Content or SEO audit – Which one and Why do we need it?
When a site starts to hold alot of content (posts, images, videos, pdf guides, checklists, tutorials … etc) and it’s growing further, an audit is required – but the question is:
which one should we do? Content or SEO Audit?
I’d recommend starting with content site audit.
Anything above 15-30 pages/posts you will need a long-term process to help you control the creation of future content.
Your aim is to get a qualitative analysis of all the content sitting on your website. And with that in mind you must find or know the:
What, How, Why’s and Who’s producing the content.
Want to fix your online marketing strategy?
I my recent post on how to fix digital strategy I mentioned that a site content audit is mandatory.
Get an agile frame of mind, start by finding what the issues are and check what is working for your business and ask some questions.
You can follow the logical steps:
1) Revise your business goals, what are you trying to achieve, who does it, how and when..
2) Select and know what your priorities are
3) Run/perform an audit to help your strategy.
Then analyse and brainstorm with your team before creating or amending the content. Make it relevant, valuable, unique before delivering it to the end users. If you don’t have this in place start now and be consistent, so you can finish the year with a smile on your face.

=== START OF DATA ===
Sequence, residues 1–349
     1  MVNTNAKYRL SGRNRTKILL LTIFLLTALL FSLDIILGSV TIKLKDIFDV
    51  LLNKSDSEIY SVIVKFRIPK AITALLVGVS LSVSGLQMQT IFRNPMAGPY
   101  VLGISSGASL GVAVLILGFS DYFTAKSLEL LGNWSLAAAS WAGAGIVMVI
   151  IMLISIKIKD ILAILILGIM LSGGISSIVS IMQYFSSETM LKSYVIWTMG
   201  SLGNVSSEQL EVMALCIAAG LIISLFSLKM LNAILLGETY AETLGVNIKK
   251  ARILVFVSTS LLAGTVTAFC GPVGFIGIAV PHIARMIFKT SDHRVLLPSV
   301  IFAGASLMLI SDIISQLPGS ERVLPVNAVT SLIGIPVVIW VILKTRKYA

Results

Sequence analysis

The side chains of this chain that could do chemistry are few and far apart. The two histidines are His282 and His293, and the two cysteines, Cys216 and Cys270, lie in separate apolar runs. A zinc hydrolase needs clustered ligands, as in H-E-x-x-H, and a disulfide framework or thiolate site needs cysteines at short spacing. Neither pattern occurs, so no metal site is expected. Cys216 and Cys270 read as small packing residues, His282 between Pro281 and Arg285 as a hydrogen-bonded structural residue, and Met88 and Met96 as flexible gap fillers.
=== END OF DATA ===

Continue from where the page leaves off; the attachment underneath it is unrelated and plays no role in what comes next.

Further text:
Execute a content audit at least twice a year to assess the company content’s strength. By doing so, you get to see what your best content is but also its publication channel(s).
An audit may deliver some deep data that you were not aware off (insights on channels that you daily nourish, etc).
What can content audit do for your business?
Content audit is your best helper when it comes to analysing your website.
The second phase of an audit is the most important one – the analysis itself. Here, you will get the entire content reviewed against a set of predefined elements of a content strategy plan. The strategist will assess the overall site’s content, structure and many other factors that will lead him/her to make a set of recommendations about whether you should leave, improve, merge, remove, or consolidate it.
It normally informs and/or instructs you to:
- Merge old content due to its duplication
- Delete obsolete content (no longer in use or could dammage content)
- Discover content gap opportunities
- Pages readability/ scannability of (Titles, topic sentences, headers, bullets points..)
- You are about to redesign your website
- You are experiencing low or zero traffic
- You need to find out why pages aren’t converting
- You would like to make your content more relevant to increase conversions.
Tip: Screaming frog spider can help you speed up the process to find the areas where there is a need for improvement. But, it’s up to you to decide if you’ll rewrite parts of that content, archive or delete it.
Why perform an audit?